Traveling Portland to Los Angeles on the Amtrak Coast Starlight for “free”

We rode the Amtrak Coast Starlight from Portland, Oregon to Los Angeles, California for “free”. Below is our trip, in photos.

The inspiration to ride Amtrak came from two places: the oft-shared on Facebook blog about taking Amtrak across the USA for $213 and our Tanzania-Zambia Railway train experience in Africa this past July.

Our 60 hour Tazara adventure showed us that riding a train can be incredibly enjoyable, as long as you have a place to sleep. The tipping point came when we discovered we could book a two-person sleeper cabin (aptly called a Roomette) for free using only Amtrak points. And if there’s one thing we love to do, it’s travel for free using miles and points.

We booked our trip from Portland to Los Angeles on the Amtrak Coast Starlight, widely considered one of the prettiest sections of railroad in the US. It was 16,611 Amtrak Guest Rewards points (which we transferred from SPG) for a trip that would have otherwise cost nearly $500, which is a fantastic points to dollar ratio (if you’re looking to learn more, check out our miles and points beginner’s guide).

Our journey started at Union Station in Portland, our hometown. At the age of 32, I’d never departed a train from here and enjoyed the neon signs in the station.

We left on-time at 2:25pm for the scheduled 31 hour journey. We found the train to be clean and well-equipped, if on the older side. And there was something nostalgic for me about riding Amtrak—a distinctly American rail system that is mostly maligned and rarely utilized by those same Americans. I hope this account can offer a fresh perspective.

Our Roomette was smaller than we thought—we were sensitized to the 4-person rooms on Tazara—but we quickly adapted to the cozy setup. It is quite hard to capture in photos but the two bunk beds, when fully extended, take up the entire footprint of the walk-in closet sized room.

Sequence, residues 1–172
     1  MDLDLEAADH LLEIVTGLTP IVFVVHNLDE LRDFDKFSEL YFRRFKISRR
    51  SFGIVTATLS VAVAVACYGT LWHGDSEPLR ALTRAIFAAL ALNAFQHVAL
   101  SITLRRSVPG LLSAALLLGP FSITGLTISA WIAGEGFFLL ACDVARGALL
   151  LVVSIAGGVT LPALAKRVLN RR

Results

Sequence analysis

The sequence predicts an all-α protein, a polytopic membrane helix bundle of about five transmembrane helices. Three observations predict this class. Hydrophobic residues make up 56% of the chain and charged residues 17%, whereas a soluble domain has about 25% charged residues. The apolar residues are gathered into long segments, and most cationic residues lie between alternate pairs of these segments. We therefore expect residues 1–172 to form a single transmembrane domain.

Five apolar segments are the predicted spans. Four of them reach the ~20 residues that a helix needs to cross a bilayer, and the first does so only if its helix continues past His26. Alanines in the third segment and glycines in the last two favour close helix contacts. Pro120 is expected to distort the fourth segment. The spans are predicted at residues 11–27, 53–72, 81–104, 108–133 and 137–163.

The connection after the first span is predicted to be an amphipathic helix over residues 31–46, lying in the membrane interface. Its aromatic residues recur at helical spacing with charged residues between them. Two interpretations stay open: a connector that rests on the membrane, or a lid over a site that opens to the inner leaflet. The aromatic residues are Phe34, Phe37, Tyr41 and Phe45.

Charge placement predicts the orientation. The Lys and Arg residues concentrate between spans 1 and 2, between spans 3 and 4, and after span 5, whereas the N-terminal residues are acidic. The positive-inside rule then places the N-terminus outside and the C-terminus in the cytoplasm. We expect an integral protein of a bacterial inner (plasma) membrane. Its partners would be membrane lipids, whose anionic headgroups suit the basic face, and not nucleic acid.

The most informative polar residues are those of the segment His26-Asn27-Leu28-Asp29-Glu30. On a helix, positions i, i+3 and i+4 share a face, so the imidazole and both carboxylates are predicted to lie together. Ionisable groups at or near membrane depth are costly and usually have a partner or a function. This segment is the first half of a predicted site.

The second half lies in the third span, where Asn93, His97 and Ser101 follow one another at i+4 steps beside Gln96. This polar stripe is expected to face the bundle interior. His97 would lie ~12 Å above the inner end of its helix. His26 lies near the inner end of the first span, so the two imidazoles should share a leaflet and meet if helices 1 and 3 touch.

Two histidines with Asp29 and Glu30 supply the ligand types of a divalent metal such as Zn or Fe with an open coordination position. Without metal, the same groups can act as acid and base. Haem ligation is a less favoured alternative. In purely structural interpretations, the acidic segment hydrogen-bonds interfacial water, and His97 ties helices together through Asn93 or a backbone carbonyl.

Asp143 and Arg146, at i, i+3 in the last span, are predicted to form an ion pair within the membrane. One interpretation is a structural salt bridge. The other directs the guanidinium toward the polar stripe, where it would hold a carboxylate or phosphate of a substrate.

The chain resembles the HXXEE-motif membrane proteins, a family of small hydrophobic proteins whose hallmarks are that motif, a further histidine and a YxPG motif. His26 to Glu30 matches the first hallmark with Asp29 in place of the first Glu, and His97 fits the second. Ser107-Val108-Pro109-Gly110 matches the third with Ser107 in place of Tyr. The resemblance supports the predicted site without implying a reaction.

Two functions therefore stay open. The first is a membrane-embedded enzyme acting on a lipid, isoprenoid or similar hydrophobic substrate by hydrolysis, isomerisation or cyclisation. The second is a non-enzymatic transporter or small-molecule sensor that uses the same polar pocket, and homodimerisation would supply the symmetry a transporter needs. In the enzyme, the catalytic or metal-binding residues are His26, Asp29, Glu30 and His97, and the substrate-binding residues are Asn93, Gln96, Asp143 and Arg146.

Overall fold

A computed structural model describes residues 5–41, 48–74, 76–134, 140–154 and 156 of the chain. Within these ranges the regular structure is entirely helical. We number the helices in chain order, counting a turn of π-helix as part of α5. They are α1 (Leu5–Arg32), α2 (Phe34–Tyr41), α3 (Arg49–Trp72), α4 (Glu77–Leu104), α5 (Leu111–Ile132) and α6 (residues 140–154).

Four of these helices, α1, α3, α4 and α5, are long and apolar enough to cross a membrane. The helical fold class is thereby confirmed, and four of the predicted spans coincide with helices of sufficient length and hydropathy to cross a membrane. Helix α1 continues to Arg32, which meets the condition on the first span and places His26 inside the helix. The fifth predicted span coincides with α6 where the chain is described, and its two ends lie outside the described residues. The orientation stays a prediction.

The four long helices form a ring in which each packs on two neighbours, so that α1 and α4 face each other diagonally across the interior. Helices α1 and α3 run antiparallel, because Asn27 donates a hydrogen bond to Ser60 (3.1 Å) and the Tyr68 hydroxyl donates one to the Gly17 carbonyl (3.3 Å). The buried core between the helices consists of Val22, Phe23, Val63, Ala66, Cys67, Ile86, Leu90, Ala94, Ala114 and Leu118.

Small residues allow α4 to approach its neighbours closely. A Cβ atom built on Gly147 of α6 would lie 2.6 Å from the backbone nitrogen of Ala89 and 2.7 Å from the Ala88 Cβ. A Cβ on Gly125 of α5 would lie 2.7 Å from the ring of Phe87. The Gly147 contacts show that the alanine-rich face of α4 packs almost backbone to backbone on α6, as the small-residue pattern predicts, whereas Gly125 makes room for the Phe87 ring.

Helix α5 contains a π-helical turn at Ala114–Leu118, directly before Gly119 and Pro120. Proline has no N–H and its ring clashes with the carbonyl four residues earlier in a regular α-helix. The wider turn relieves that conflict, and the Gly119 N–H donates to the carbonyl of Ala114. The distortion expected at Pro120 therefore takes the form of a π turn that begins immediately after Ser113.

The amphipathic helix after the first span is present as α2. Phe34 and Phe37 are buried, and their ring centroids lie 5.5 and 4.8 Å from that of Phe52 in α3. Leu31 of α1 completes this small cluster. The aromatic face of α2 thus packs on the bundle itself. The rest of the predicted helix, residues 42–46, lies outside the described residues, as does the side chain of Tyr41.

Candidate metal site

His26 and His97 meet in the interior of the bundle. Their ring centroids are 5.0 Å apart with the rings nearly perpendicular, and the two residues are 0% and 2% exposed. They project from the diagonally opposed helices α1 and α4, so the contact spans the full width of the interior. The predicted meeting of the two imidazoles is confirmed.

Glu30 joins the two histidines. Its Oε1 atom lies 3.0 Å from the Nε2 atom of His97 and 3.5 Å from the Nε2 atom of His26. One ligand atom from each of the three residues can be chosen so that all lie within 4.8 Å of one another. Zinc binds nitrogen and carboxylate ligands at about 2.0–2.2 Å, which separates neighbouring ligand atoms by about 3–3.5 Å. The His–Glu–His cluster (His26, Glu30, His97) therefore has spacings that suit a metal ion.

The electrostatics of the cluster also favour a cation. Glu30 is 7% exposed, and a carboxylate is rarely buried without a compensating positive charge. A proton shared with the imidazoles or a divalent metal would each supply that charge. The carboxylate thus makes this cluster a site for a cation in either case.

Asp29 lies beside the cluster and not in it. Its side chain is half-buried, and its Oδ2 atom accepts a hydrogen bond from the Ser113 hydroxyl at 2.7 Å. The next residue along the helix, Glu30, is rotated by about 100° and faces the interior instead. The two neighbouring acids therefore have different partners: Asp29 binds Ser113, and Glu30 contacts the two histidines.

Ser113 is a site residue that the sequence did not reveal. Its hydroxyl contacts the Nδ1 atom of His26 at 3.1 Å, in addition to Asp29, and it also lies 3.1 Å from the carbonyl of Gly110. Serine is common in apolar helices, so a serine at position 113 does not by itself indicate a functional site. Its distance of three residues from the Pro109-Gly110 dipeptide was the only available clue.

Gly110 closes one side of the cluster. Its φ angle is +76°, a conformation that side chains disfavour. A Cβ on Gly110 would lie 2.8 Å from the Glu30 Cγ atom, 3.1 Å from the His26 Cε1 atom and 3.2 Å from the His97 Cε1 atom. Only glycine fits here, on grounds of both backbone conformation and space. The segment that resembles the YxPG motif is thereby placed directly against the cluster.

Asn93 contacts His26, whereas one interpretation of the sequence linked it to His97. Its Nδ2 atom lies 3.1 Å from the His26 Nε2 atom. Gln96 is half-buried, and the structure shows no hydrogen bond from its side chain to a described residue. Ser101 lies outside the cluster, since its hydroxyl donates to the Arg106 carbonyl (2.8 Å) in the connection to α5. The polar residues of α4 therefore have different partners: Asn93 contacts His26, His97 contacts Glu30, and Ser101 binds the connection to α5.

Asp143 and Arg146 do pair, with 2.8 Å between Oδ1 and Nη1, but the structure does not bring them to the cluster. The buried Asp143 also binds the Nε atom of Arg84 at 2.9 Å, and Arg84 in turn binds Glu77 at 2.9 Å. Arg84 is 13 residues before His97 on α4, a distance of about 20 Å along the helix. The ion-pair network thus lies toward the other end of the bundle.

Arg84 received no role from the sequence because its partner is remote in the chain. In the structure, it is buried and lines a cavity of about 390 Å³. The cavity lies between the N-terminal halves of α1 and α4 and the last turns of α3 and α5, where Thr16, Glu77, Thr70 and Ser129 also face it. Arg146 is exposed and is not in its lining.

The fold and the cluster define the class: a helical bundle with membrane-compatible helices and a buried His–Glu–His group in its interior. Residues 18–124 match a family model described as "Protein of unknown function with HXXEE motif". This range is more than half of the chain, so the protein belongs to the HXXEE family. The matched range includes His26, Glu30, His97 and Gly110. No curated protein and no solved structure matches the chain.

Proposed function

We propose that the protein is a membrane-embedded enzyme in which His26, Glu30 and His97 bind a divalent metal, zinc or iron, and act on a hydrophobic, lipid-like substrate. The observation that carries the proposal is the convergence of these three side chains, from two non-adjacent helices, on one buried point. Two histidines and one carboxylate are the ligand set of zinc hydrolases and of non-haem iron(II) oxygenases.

In the photos below my feet are standing at the threshold of the sliding door to our roomette. The first photo is the seated configuration, the second is the sleeping setup.

There is a small table that folds out easily.

We were greeted with 2 water bottles and note from Roger, our car-steward, who was a delightfully quirky gentleman and the definition of helpful. Here’s a photo of him during one of our “stretch your legs” stops.

Soon after settling in, he paid us a visit and offered the recently-vacated family bedroom next-door. It felt huge, compared to our spot, but we opted to stay in our cozy Roomette. The below photos show both sides of the family bedroom.

Other Roomette features included a single 110 volt outlet (3 prong US plug), heating controls, reading lights above each chair, and cool air controls on the ceiling. There are several small cubbies and places to hang clothing and small bags.

 

 

 

 

 

 

 

The upper bunk folds down at night. There are protective straps you hook to the ceiling which managed to successfully keep Olivia in place.

As for other room types, there is an in-between size Bedroom which sleeps 2 but is larger and includes a private bathroom/sink.


Overall, the accommodations are totally nice—at least from a backpacker’s perspective. We traveled with a majority 65+ crowd and they all seemed to enjoy themselves quite well too. The bathrooms were very much like airplane lavatories but we were pleasantly surprised to find showers, similar to those you’d find at a campground. The water was hot and the water pressure was good. They provided small soaps and towels too.